Penang elevated light rail, reclamation projects: Who is the manipulator?

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The Consumers’ Association of Penang (CAP) is unable to comprehend the statement by Penang Chief Minister Chow Kon Yeow that there were “certain people” manipulating information on the light rail transit (LRT) project and the Penang South Reclamation for their own benefit, as reported in a daily dated 24 July 2019.

Chow had stated that the Penang government is not hiding any information and urged the public not to believe the digital media and look at the bigger picture.

What is the bigger picture? The bigger picture is that the state’s natural resources are being destroyed, fishermen are losing their livelihoods due to the total loss of fishing grounds for reclamation projects, hills are being massacred for development of highways and other projects, and the public is being confronted with floods and landslides.

A small island like Penang does not require LRT but consideration can be given to autonomous rail transit (ART) and bus rapid transit.

The Penang government is not coming forward to explain why they are hell-bent on LRT rather than ART or bus rapid transit even after various efforts have been made to educate them on the best way to achieve a situation where both the government and the public can be satisfied with the outcome.

Lim Mah Hui of Penang Forum has effortlessly stressed the advantages of ART yet it is rejected many times over the LRT. CAP asks why is that so?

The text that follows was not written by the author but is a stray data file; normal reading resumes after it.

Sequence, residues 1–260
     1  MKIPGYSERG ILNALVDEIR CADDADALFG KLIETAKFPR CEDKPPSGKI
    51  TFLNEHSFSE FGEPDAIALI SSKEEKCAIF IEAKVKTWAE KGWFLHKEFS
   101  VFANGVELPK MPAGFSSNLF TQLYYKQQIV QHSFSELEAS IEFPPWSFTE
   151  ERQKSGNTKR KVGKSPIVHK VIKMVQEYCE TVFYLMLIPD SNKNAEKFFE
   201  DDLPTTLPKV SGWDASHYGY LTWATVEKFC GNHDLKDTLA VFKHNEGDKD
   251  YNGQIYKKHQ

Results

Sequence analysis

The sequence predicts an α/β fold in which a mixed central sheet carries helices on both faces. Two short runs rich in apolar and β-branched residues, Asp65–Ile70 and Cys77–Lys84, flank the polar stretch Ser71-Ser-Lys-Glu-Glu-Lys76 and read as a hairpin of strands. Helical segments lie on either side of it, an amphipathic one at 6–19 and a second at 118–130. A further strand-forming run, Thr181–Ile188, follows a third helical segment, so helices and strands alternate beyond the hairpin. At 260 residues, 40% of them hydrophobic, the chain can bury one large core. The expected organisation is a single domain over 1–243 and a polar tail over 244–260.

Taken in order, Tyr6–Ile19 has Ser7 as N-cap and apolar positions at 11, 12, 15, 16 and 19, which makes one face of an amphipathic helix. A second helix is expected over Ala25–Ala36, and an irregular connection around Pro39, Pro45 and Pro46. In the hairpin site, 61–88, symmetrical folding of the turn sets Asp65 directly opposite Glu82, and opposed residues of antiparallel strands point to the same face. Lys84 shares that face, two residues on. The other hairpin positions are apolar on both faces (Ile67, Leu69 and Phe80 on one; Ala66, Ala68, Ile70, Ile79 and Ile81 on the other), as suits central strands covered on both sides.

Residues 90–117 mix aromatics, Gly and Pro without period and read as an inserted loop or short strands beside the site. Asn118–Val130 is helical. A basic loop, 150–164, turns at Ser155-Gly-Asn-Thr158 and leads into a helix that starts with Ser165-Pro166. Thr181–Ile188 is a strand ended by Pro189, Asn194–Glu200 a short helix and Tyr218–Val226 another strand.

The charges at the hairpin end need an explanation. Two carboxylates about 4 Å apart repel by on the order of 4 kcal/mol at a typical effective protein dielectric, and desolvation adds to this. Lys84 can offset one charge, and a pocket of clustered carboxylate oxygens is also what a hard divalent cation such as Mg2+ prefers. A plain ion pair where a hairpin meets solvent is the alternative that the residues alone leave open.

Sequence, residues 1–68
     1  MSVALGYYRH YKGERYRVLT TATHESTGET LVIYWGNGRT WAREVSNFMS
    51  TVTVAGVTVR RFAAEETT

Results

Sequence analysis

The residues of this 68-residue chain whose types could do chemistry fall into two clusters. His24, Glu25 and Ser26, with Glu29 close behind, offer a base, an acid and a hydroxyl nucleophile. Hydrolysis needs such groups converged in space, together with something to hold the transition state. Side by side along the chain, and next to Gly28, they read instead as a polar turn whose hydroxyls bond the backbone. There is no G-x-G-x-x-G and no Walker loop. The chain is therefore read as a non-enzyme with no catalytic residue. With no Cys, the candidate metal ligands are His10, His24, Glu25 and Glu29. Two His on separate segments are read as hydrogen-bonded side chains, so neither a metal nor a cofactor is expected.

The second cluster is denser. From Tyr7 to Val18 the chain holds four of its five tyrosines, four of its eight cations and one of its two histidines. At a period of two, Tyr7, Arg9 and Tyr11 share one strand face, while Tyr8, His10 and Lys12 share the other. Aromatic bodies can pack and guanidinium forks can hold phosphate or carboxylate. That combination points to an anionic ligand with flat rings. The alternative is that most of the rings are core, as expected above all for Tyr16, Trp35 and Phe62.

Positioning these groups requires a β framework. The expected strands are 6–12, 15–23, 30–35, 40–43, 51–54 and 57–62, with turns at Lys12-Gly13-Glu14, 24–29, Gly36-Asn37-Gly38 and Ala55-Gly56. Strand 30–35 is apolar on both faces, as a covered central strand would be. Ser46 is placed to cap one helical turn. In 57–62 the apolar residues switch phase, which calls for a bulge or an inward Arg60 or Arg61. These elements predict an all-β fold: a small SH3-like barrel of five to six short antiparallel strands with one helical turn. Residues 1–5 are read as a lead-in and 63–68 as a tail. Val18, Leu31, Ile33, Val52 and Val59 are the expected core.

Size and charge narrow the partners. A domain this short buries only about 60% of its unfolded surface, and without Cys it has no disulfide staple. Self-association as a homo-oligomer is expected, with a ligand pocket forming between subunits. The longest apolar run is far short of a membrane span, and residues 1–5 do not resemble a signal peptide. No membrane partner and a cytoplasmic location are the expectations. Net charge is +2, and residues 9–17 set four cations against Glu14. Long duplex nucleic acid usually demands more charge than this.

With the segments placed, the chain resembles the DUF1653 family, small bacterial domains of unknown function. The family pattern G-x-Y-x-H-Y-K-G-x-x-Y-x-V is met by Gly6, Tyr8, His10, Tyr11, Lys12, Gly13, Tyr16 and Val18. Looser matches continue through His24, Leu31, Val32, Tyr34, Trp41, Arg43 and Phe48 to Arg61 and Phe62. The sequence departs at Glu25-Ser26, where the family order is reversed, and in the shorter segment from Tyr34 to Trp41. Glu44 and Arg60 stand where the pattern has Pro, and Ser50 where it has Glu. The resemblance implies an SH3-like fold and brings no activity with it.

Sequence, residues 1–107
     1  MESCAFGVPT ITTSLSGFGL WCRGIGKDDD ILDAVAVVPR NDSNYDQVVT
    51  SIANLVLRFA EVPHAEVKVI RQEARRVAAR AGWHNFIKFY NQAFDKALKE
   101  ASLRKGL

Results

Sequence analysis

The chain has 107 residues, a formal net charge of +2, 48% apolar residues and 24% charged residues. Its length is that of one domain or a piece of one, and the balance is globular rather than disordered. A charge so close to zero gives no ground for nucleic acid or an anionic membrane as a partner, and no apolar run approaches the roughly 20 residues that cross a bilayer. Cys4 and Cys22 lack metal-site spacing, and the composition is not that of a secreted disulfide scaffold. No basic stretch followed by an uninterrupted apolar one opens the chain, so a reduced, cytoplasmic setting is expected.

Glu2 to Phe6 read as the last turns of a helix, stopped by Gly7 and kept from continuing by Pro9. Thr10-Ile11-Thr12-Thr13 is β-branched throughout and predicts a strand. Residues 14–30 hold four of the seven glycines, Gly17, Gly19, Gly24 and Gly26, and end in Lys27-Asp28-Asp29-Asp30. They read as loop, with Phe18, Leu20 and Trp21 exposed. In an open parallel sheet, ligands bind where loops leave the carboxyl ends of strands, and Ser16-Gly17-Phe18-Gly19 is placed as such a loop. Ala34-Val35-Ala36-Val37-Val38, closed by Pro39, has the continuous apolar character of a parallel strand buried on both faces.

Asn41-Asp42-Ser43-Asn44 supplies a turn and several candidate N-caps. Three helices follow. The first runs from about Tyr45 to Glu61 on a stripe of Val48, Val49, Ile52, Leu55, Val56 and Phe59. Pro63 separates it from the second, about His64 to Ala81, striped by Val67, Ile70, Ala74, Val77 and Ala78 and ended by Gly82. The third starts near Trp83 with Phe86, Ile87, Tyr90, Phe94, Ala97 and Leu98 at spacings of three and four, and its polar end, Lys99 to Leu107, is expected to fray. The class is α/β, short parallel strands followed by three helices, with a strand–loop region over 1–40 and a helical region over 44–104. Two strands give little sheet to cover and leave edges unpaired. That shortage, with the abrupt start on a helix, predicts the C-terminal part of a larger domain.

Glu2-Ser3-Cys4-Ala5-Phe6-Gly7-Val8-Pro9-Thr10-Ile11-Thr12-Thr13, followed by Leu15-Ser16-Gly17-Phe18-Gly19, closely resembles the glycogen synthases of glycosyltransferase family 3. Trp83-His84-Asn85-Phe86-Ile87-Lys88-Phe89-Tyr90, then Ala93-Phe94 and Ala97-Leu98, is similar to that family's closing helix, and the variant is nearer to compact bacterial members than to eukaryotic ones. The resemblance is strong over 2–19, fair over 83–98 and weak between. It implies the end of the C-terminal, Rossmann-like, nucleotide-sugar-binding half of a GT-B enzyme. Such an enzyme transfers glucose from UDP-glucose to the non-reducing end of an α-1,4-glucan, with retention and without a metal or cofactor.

For a long time, Lim has been stating that factors such as population size, ridership, financial costs and sustainability, and environmental issues (noise and visual pollution) must be taken into account to determine the most appropriate type of public transport system for Penang.

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Lim had pointed out that SRS Consortium’s estimate of an initial ridership (in 2023) of 42 million per year or 115,000 per day is an unrealistic number. The mass rapid transit line has a catchment population of 1.2 million whereas the population catchment in George Town and the southern part of Penang island is less than 350,000 people.

Another relevant comparison by Lim is Rapid Penang’s total daily ridership which amounted to only 90,000 after more than 10 years of operation with 305 buses plying 71 routes throughout the whole state.

Lim also points out how the actual daily ridership of the Kuala Lumpur rail lines (LRT, monorail and mass rapid transit) fell far short of the projected targeted ridership even after operating for two decades.

The actual ridership for LRT1 was 97% (after 20 years); 66% for LRT2 (after 21 years) and 47% for the monorail (after 16 years).

It has been reported that the MRT1 started operation in mid-2017 and compared to the 400,000 projected daily ridership, its actual figure was 149,000 in the third quarter of 2018.

Roger Teoh, a PhD transport student at Imperial College, raised the same concerns as Lim saying, “The unrealistic 42 million ridership forecast has been raised four times in public but we have yet to hear a response from the Penang government.”

Roger Teoh had pointed out that the financial viability of the LRT project and the state’s financial health could be threatened if a more realistic ridership projection is used. Not only would the projected economic benefits be significantly lower, the loss in ticket revenue could also cost at least RM120m per year (equivalent to 24% of the estimated revenue for the Penang state budget in 2019).

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Clearly the state is trying to manipulate information here. CAP urges the chief minister to come clean and explain to the public the manipulation of the ridership figures for the LRT and population projection for the Penang South Reclamation project.

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